There’s truth in advertising in the indie movie Beach Rats. Writer-director Eliza Hittman’s drama follows the dubious exploits of a Brooklyn youth who hangs out with his lowlife buddies all day at the beach at Coney Island, while secretly exploring his attraction to men online at night.
A darling of the festival circuit, the movie has won kudos for Hittman at places like Sundance and L.A.’s Outfest for her sensitivity to the issue of sexual identity. But as the movie itself unspools (at a very long-seeming 95 minutes), the delicate subject of sexuality becomes increasingly hijacked by the portrait of young men as pack animals—much as the protagonist’s individuality gets hijacked into the herd mentality.
This is largely Hittman’s point, of course, the anguish of establishing a selfhood that goes against the grain of the accepted “norm.” The problem is that Hittman never manages to convey her character’s anguish as he drifts through his dead-end life. In the central role of Frankie, Harris Dickinson has a certain visual presence, but the part of Frankie as written is the definition of “aimless”—reactive, static, and ultimately uninteresting.
Frankie and his three pals spend their days riding the subway and wandering around Coney Island. It’s summer, so there’s no school, and none of them are employed (they look about 18); on the boardwalk, they tentatively ogle girls and (much more skillfully) pick pockets so they can buy weed. Closer to home, Frankie has a more viable source of drugs, the painkillers prescribed for his father, who’s dying of cancer.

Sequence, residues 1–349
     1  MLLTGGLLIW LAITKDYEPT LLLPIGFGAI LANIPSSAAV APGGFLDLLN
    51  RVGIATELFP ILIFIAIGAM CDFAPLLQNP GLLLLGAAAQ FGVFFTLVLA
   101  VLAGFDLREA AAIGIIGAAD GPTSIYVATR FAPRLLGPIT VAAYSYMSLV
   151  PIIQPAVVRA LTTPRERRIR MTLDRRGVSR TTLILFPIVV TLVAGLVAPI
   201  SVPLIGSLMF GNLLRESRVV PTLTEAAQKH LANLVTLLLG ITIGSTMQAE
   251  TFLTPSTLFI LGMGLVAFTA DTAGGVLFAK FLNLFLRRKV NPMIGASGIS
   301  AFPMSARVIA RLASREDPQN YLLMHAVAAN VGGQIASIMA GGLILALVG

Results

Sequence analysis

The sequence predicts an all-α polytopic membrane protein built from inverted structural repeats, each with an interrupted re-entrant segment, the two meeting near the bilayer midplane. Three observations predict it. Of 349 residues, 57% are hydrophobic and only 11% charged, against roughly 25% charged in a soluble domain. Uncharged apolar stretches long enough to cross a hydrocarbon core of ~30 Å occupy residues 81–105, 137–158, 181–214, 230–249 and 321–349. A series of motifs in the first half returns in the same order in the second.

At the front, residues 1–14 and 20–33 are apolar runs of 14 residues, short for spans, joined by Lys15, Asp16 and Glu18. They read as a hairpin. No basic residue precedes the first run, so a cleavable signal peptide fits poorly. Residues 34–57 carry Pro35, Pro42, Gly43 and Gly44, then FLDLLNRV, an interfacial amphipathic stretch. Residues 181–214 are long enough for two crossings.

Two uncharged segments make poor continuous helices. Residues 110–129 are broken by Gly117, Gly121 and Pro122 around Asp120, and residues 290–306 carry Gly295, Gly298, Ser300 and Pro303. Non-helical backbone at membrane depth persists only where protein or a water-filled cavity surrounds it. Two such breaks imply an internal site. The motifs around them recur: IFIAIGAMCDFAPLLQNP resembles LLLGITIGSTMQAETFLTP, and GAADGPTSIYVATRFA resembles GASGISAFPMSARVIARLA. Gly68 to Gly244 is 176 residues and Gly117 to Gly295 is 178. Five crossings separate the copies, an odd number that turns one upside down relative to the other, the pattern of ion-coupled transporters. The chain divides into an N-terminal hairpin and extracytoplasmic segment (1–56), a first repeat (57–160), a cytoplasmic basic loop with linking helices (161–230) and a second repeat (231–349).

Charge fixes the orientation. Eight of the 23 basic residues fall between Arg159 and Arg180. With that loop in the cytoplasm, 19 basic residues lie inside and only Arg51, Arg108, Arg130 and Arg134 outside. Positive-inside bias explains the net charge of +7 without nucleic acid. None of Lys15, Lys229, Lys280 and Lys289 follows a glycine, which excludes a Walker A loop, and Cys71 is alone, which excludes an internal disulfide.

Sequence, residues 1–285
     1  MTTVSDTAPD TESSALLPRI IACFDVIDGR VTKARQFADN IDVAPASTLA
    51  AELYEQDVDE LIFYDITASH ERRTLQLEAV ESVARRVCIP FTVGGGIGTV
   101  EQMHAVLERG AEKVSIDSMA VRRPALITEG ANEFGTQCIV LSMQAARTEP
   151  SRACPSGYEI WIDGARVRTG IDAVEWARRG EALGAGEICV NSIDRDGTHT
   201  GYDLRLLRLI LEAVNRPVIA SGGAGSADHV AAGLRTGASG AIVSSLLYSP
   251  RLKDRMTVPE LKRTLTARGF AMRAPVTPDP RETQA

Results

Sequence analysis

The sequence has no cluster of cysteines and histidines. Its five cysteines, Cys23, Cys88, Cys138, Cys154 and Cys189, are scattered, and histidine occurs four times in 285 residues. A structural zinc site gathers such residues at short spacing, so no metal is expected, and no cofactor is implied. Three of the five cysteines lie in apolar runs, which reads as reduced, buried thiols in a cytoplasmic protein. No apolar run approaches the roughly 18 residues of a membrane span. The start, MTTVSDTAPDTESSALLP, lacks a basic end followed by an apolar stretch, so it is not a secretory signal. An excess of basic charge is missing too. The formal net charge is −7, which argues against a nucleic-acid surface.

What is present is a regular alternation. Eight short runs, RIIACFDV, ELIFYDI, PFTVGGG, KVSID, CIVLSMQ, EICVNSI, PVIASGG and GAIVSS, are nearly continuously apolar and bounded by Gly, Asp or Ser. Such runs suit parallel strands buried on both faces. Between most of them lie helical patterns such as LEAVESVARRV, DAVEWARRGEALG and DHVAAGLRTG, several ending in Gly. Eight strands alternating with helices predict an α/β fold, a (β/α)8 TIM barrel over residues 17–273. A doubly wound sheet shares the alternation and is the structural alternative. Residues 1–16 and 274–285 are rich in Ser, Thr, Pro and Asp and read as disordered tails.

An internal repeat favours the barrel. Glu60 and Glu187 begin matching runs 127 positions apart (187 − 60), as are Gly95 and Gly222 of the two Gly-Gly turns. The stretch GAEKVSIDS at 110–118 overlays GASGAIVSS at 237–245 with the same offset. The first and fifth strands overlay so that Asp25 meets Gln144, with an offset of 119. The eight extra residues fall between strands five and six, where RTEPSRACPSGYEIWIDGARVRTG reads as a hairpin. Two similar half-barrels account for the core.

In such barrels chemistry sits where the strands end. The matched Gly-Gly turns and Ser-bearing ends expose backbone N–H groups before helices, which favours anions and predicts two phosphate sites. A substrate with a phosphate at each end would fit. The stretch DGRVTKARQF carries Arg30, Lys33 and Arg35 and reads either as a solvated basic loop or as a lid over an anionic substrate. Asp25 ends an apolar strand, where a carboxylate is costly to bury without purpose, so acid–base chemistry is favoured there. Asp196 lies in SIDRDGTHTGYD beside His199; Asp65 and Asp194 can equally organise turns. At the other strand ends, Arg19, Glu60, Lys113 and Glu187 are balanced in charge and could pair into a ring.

At the boardwalk, Frankie is vamped by Simone (saucy Madeline Weinstein), whom he takes home to his den in his parents’ basement, determined to establish a relationship with her. It’s a dodge to conceal his secret life of posting selfies and talking to older men on a live chat website as he gradually works up the nerve to schedule real-life meet-ups with them. Searching for some kind of road map beyond the attempted guidance of his caring, but harried mom (Kate Hodge), Frankie asks if Simone has ever made out with another girl. Sure, she says, then tells him that girls making out is “hot,” but guys making out is “just gay.”
Random moments like this seem to be leading somewhere. But Hittman squanders viewer interest in Frankie’s conflicted sexuality as we keep following him and his delinquent buds on their repetitive and boring rounds, tanking up at the smoke lounge, or stealing his mom’s jewelry to pawn for cash to buy more drugs. Meanwhile, he drifts through various sexual encounters largely unaffected by any discernible emotion. What ought to be a defining moment when he unexpectedly feels something for one of his dates is lost by Frankie’s inability to make a moral choice or stand up for himself.
But by this time, it’s occurred to the viewer that confusion over his sexual identity is the least of Frankie’s problems. He ought to be more worried about wandering off into the woods at night with strangers. It never occurs to him to aim any higher than the black hole of drugs and apathy he and his deadbeat buddies have mired themselves in. He ought to be concerned that he has no job, no visible skills, no prospects, and no ambition to ever change anything.
A character study is one thing, but the protagonist ought to have a character worth studying. “Coming of age” suggests a transition from one stage to another, some evidence of growth or transformation. But as Frankie doggedly fails to take away anything of value from his experiences, we start to wonder why we should invest so much time and sympathy in him. And once we stop caring about him, the whole movie devolves into ennui.
** (out of four)
With Harris Dickinson, Madeline Weinstein, and Kate Hodge. Written and directed by Eliza Hittman. A Neon release. Rated R. 95 minutes.